Tuesday, 26 April 2016

Why the Wellspring?: The Influence of Water

You may wonder where the name for my blog came from. 

Well—pardon the pun—the explanation is a lovely liquid tale, to be sure. 

Over the past couple of years the idea of wells and wellsprings, rivers and oceans—of water in all its fluid forms—has been very close to me, welling and bubbling up from those deep inner places, washing much negativity away, bringing new life and fruitfulness. 

Water is a feminine element, associated with women, with fertility and abundance, cleansing and healing, and emotion, depth and time (the words ‘time’ and ‘tide’, for example, are etymologically related). 


As Jay Griffiths, one of my favourite writers, says in one of my favourite books, Wild: An Elemental Journey:

The wildernesses of waters, rivers and oceans are linked to the female. In many cultures, probably most, women are associated with what is “wet” and men with what is “dry” . . . In Chinese thought, fire is yang, male, active, phallic and conscious. Water is yin, female passive and unconscious. Freud and Jung, too, through analysis of folktale and ancient literature, concluded similarly: water is fertilizing, a place of regeneration; it represents what is potential and female. (212)

The first life on this blue Earth originated in water. As does all creativity—in the Rio Abuja Rio, as Clarissa Pinkola Estés calls it in her classic book, Women Who Run with the Wolves—‘the river beneath the river’.  

I have come to think of my own creativity as arising from the gushing flow of a river. Indeed, being a river—the River of Creativity. It is always flowing (though there have been times in the past when it became blocked and slowed to a mere trickle). Yet though it streams constantly, it still has its ebbs and flows, like the ocean—high and low tides—calms and storms—seasonal changes. The wide and fathomless ocean underlies the river, exerts its own fluid influence from below, as it is pulled upon from above, by the moon. 

Water Nymphs by Alan Lee
When I was pondering what to call this blog I was led to think of a little poem I had written in October 2014:

A deep well, 
ocean of memory, 
springing up 
blue and pure, 
flooding 
the parched place 
inside me.

This is deeply symbolic, and a favourite poem-gem of mine. 

It seems that water, wells, and the flooding of dry, parched places, bringing the return of life and creativity and all things wild, are ideas and images that will not let me go.

I recently read a brilliant book by Sharon Blackie—If Women Rose Rooted: The Power of the Celtic Woman. Chapter 2 is entitled ‘Wells and Waters: The Wasteland’, and Sharon writes:

Wellspring. The word, like a good well, runs deep. It conveys so much more than simply the source of a stream or spring: it says something about the source of life itself. According to the Collins English Dictionary, a wellspring is ‘a source of continual or abundant supply’ – which tells us why wells, along with certain rivers and lakes, have been recognised as sacred by nearly every culture on the planet, and throughout every age. (27)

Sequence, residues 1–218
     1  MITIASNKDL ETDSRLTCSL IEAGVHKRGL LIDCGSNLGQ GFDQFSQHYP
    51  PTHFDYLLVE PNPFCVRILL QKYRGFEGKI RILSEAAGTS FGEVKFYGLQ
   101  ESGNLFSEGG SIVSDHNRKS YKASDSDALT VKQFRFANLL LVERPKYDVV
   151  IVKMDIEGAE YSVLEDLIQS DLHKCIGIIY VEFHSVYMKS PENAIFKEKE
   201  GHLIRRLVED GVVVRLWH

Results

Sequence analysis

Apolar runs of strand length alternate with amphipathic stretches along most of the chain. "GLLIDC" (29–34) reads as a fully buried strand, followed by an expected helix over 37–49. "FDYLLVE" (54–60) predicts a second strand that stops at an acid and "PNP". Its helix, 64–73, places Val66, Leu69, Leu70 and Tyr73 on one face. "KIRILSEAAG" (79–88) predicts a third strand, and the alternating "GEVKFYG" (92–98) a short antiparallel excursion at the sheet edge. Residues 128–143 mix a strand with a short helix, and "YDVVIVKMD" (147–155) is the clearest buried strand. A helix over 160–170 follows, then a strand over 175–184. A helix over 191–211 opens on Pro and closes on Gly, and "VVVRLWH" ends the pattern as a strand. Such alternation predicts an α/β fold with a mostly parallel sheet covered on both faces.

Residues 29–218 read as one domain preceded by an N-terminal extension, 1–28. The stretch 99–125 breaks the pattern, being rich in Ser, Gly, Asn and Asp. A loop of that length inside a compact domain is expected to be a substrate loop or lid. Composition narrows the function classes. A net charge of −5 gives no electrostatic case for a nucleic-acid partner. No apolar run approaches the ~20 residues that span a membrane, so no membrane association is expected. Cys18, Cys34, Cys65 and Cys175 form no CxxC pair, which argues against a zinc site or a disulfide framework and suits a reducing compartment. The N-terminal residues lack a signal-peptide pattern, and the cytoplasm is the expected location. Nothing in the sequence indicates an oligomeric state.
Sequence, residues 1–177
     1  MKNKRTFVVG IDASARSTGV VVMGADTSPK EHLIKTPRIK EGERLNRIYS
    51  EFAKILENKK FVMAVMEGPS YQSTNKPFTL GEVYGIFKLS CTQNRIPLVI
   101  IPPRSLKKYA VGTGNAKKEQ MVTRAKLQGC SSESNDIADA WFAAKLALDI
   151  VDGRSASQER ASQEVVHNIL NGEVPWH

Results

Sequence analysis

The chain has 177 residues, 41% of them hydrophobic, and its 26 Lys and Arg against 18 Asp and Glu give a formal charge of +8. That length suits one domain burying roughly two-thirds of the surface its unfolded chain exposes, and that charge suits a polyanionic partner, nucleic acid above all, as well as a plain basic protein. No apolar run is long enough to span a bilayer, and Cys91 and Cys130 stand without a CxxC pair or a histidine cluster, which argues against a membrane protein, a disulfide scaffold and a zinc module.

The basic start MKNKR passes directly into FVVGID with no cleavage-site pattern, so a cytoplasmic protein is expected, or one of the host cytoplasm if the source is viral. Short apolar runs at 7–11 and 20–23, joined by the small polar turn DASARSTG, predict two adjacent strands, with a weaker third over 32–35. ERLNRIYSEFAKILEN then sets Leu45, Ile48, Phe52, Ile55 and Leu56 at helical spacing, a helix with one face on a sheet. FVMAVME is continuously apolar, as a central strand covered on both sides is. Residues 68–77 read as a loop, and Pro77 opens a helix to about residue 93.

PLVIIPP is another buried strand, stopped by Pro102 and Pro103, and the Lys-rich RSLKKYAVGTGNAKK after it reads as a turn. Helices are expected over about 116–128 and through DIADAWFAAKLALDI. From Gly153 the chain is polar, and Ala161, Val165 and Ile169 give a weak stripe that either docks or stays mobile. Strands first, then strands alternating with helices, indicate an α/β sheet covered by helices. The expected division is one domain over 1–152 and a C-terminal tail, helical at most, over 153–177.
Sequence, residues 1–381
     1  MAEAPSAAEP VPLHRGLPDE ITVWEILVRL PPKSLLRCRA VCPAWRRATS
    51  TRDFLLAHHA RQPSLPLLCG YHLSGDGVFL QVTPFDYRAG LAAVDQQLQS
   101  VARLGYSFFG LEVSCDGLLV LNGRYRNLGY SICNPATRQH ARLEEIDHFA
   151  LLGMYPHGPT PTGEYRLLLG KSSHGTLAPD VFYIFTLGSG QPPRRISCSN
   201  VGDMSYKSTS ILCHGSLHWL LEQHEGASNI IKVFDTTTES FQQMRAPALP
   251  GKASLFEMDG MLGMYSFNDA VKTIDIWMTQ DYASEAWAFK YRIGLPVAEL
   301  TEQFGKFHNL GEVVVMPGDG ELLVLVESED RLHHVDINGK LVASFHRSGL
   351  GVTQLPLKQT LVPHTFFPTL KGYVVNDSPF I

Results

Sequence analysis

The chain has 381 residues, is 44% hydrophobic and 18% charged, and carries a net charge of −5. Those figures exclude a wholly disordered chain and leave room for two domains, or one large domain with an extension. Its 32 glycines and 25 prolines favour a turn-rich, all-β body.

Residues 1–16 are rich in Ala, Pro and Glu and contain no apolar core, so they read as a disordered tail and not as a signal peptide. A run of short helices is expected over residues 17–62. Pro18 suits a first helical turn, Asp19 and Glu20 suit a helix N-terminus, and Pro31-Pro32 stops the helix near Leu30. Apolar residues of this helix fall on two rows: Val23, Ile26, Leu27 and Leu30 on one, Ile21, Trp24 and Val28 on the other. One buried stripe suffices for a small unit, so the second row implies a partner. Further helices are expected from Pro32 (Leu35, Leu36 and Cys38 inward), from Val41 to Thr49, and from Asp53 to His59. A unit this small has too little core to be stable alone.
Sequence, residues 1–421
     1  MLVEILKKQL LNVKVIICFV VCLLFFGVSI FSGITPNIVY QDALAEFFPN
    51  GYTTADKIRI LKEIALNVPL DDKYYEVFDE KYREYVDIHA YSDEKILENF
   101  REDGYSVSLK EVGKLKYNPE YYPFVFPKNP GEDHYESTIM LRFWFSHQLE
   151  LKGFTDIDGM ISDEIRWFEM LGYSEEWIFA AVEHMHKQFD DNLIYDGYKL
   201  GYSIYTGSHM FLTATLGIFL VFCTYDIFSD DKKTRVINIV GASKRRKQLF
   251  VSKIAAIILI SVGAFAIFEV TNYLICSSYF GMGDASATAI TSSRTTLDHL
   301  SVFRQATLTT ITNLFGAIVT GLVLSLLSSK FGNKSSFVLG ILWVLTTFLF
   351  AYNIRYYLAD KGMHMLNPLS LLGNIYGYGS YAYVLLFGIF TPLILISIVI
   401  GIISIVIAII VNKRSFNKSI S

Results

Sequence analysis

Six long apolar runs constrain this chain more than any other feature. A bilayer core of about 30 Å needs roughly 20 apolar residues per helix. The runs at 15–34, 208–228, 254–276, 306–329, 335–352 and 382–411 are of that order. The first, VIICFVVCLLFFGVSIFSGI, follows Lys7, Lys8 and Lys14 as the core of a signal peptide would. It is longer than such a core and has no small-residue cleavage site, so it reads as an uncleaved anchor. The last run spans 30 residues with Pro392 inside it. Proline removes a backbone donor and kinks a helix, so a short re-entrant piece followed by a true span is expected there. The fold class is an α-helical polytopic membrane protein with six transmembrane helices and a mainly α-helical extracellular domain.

It seemed like a kind of synchronicity. All of my thoughts about water and wells echoed here, in this very powerful book; and in Celtic culture in particular, in the voices of the maidens who once guarded the wells, the sources of life. The silencing of these wise voices, after the violation of the well-maidens, as told in the story of ‘The Loss of the Voices of the Wells’, and the subsequent coming of the Wasteland, is partly what inspired me to begin this blog. Sharon says:

Each of us has our own unique set of stories to tell: the story of the years we spent in the Wasteland, the story of our awakening, and then the story of the path we took out of it. Telling those stories helps us to understand ourselves – not just the place that we’ve come from, but where we might be heading. Similarly, telling our stories to others can help them to work through problems they are facing in their own lives. (60)

And:

The Voices of the Wells were lost, long ago – but the Voices of the Wells were women [who represented Sovereignty, the spirit of the Earth itself]. We were the voices of the Wells. We can take up that old mantle. We can take up our golden grails again, and offer their life-giving drink to the world. (62)

Lady of the Waters by Brian Froud
I know from past experience how powerful, transformative and healing telling my story can be, and I would like to tell some of it here—even if I do ‘tell it slant’, to quote Emily Dickinson. And too, I would like to be one of the voices that speaks for the Earth, if I can.